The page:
Leading Green House Gas Emitting Countries Should Pay More – Cabraal
By Rajiesh Seetharam
State Minister of Money & Capital Market and State Enterprise Reforms Ajith Nivard Cabraal claimed that countries emitting higher quantities of green house gasses should do more in terms of financing to tackle climate change and global environmental issues.
Speaking at a conference on sustainable green financing, organised by the International Chamber of Commerce and UN ESCAP, the Minister said, “Sri Lanka has not damaged the environment as some developing countries have done. Sri Lanka is only paying for the sins other countries have committed. In terms of equity, those countries that have damaged the environment at higher levels should pay more to finance green projects and to maintain ecological balance.”
Speaking further he said that the Government is committed to striking a balance between development and environment.
“Inputs from environmentalists are given significant importance for over 250 projects under my purview. Each project is worth more than a billion rupees and these projects are sometimes delayed due to environmental concerns, thus making sure Sri Lanka stays green.
“Sri Lanka was economically backwards due to four hundred years of colonial rule, thus we need to develop aggressively, but also need to maintain a balance on environment.
Only 1% of the population had electricity in 1948. Even now, only 53% of population has access to tap water. In the next 4-5 years, the Government would invest LKR 800 billion in ensuring people get water on tap.”
Secretary to the Ministry of Environment Dr. Anil Jasinghe stated that the ministry identified two projects as being of significance to mange environmental issues. One is the 'Surakimu Ganga' (Protect Rivers) project, which aims to conserve the entire river system consisting of 103 rivers in Sri Lanka. The other project is a Plastic management programme to control environmental issues caused due to use of plastic.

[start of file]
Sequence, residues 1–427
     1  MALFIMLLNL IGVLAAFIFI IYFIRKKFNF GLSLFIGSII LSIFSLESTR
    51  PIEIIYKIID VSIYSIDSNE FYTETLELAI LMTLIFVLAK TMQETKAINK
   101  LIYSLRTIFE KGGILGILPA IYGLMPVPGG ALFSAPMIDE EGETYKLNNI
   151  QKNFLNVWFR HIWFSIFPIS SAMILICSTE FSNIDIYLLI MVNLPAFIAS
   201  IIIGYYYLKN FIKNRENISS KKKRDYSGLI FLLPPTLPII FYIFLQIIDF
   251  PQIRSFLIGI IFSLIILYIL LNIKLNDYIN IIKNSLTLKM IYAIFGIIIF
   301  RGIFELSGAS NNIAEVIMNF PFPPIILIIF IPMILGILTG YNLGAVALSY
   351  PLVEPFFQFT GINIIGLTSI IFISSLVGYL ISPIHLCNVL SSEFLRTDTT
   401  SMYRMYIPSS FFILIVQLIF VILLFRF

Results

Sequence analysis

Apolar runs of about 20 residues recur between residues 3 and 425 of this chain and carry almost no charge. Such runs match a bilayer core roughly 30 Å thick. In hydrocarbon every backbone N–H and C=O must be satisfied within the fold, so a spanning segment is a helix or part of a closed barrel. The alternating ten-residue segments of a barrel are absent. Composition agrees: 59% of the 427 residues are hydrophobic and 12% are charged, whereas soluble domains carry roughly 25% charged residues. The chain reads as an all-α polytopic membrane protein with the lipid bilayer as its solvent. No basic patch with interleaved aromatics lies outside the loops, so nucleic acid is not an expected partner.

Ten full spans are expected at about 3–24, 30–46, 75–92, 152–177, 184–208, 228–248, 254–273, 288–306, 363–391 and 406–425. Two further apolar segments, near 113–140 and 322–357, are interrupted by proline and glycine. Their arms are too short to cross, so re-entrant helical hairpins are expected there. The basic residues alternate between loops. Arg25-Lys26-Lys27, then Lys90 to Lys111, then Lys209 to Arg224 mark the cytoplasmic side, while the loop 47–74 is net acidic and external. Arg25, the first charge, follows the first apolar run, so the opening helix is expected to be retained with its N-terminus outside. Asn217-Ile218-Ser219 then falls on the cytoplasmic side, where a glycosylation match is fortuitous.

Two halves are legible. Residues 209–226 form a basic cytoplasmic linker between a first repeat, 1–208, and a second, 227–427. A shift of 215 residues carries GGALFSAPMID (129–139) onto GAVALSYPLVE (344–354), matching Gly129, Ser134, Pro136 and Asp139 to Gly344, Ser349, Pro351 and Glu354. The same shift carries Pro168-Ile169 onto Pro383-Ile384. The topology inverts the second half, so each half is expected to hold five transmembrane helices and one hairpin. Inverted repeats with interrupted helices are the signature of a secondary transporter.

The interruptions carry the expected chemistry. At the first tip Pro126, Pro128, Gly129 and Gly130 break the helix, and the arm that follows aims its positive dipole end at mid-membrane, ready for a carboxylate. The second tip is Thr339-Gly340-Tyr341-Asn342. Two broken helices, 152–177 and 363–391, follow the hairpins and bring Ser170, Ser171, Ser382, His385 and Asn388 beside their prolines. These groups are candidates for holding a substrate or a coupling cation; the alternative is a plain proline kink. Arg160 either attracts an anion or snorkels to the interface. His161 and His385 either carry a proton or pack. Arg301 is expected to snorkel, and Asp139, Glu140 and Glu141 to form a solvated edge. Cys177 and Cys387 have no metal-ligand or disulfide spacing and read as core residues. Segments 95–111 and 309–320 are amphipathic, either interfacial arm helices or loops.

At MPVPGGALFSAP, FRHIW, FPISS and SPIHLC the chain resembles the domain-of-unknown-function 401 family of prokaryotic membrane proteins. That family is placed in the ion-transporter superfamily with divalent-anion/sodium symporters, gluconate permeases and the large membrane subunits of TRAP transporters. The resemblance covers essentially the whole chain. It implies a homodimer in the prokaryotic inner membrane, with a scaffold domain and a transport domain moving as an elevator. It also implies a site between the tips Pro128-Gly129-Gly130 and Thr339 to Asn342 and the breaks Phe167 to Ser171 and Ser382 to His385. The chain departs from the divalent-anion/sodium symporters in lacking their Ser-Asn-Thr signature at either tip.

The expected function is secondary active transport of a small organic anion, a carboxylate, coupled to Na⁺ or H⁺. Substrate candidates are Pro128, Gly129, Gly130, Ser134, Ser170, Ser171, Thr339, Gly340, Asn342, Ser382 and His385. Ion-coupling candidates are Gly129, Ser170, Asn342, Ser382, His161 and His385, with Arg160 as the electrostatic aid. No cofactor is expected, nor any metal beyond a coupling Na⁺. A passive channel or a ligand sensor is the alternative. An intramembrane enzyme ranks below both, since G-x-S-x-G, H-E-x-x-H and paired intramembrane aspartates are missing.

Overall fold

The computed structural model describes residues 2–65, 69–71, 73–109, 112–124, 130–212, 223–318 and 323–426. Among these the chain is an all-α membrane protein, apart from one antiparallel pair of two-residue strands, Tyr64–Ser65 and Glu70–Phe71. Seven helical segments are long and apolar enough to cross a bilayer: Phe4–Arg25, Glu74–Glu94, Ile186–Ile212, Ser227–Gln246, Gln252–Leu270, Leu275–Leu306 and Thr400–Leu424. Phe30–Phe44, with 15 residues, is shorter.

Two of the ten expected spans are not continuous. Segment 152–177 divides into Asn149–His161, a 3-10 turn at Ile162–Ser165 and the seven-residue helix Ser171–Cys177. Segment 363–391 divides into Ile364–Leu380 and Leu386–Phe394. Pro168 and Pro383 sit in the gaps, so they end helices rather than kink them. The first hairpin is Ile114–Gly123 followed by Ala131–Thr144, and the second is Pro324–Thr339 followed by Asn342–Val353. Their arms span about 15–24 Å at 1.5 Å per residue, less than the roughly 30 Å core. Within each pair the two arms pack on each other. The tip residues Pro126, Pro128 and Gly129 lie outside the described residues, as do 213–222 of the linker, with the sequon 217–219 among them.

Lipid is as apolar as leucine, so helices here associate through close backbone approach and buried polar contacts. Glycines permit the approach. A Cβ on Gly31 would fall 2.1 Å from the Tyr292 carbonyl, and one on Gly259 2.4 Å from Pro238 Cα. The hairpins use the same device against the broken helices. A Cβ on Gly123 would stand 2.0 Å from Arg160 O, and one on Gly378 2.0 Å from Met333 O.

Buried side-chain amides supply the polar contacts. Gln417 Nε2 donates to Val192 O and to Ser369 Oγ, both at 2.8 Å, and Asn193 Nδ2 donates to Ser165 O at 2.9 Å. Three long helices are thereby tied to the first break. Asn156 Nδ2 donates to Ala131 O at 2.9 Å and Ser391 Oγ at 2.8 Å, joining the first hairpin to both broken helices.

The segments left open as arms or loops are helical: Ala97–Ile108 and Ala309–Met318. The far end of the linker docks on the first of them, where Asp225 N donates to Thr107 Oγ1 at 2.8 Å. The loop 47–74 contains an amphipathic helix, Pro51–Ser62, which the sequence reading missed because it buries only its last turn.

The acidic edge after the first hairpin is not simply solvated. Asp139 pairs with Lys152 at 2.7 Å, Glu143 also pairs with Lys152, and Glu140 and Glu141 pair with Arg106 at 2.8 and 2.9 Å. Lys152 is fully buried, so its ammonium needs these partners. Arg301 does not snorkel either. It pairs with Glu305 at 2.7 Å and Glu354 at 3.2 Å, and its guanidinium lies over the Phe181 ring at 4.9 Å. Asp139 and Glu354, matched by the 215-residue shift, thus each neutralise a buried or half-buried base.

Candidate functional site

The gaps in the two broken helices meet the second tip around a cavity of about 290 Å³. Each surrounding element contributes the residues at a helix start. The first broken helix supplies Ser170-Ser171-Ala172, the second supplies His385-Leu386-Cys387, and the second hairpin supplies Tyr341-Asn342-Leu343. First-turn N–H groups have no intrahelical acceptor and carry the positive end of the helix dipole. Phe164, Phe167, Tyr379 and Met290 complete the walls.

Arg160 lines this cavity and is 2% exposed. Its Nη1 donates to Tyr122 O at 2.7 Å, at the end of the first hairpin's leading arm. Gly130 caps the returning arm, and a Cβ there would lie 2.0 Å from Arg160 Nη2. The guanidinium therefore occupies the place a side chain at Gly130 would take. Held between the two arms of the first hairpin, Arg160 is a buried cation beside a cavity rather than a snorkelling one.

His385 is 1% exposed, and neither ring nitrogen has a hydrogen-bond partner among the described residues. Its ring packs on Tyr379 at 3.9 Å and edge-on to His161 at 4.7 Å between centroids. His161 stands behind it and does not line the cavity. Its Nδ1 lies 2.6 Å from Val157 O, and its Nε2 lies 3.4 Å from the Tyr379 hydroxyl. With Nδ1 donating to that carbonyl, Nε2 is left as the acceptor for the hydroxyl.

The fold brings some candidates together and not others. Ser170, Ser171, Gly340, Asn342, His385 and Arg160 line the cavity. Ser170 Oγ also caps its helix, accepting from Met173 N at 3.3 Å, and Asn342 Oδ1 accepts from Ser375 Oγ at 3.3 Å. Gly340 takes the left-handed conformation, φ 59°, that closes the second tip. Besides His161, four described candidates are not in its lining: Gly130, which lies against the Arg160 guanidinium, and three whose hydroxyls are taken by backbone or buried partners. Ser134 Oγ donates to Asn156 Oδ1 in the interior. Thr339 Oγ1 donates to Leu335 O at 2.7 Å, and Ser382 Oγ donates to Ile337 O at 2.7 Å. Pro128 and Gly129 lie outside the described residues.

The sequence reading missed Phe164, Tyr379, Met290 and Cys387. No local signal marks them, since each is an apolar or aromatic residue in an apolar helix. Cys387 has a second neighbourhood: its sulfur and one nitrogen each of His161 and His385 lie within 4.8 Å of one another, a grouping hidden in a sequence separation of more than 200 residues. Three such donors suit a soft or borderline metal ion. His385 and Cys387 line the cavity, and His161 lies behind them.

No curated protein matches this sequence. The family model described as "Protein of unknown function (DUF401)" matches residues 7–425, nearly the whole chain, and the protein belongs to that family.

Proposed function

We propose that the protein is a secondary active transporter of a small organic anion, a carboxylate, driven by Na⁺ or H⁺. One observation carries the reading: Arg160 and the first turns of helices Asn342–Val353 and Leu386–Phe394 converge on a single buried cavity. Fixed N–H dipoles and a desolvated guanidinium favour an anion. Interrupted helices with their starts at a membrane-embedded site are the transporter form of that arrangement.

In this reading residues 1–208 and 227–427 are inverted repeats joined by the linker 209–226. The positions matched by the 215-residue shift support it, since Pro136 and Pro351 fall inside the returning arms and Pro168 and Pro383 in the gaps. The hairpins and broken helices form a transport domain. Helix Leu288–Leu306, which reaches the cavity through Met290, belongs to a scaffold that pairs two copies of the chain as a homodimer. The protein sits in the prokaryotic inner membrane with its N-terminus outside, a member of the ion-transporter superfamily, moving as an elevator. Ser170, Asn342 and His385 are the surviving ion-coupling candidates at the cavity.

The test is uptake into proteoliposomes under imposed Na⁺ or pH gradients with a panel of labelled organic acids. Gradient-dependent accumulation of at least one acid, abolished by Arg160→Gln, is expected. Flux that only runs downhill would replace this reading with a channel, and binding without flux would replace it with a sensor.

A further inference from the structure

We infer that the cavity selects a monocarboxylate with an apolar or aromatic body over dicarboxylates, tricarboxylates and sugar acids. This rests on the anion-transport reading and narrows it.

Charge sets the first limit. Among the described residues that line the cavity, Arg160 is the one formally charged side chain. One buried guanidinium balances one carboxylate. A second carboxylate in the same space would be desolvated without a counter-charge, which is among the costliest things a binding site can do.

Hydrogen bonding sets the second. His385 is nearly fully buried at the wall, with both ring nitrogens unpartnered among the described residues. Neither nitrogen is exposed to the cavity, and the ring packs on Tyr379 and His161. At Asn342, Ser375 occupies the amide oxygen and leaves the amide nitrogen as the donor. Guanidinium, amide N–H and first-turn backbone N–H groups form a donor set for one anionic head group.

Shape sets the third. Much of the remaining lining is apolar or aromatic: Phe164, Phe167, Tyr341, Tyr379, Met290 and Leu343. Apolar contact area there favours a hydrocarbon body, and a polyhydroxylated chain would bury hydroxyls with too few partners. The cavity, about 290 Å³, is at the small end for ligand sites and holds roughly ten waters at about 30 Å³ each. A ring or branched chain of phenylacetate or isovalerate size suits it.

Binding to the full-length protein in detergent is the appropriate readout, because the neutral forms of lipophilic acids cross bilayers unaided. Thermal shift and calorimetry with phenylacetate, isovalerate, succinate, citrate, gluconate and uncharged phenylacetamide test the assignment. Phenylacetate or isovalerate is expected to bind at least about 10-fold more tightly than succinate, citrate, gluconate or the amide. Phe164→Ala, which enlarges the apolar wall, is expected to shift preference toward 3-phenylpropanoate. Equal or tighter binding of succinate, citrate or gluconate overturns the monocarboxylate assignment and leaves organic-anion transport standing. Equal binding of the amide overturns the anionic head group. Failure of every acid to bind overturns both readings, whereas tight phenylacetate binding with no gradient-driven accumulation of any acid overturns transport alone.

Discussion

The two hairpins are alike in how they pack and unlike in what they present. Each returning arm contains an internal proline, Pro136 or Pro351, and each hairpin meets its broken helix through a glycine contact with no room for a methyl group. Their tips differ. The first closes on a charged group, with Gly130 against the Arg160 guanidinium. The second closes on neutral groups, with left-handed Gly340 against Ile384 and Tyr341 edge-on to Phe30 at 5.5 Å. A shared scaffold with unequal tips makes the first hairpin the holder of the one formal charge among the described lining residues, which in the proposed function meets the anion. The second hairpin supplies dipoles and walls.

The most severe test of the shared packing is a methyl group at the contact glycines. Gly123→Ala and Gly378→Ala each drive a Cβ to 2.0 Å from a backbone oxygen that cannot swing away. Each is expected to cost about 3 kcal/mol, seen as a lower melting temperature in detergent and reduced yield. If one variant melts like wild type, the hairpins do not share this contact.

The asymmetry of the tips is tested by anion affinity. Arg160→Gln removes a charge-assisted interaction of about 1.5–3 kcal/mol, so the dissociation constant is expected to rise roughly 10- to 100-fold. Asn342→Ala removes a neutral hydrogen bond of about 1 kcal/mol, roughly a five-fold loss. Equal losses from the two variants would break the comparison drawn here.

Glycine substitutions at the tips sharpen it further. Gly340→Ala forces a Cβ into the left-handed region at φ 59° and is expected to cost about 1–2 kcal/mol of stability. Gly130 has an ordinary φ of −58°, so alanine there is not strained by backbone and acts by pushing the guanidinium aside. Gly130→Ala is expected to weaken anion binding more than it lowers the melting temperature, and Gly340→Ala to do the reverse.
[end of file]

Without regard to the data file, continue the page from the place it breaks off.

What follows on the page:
He further noted that Sri Lanka has established an independent semi-government company under the environment ministry named ‘Sri Lanka Climate Fund’, with a view to strengthen green finance projects.
The top three greenhouse gas emitters — China, the European Union and the United States — contribute 41.5% of total global emissions, while the bottom 100 countries account for only 3.6%. Collectively, the top 10 emitters account for over two-thirds of global GHG emissions, states the World Resources Institute. As per data from Union of Concerned Scientists, China emits the highest amount of Carbon dioxide at 10.06GT, followed by the USA (5.41 GT), India (2.65 GT), Russia (1.71 GT).
Despite China being the top emitter of Carbon dioxide and India being one of highest emitters, their Carbon dioxide per capita emission remains low with China emitting 7.2 metric tons of Carbon dioxide per capita, while India only emits 1.8 metric tons per capita. Sri Lanka’s emission also remains low at 1.1.
Qatar (38.4 MT), Bahrain (22.2 MT), UAE (22 MT), Gibraltar (18.8 MT), Brunei (18 MT), Saudi Arabia (17.4 MT), Australia (15.5 MT), USA (15.5 MT), Canada (15.1 MT) are some of the leading emitters of Carbon dioxide per capita as per the World Bank’s latest report.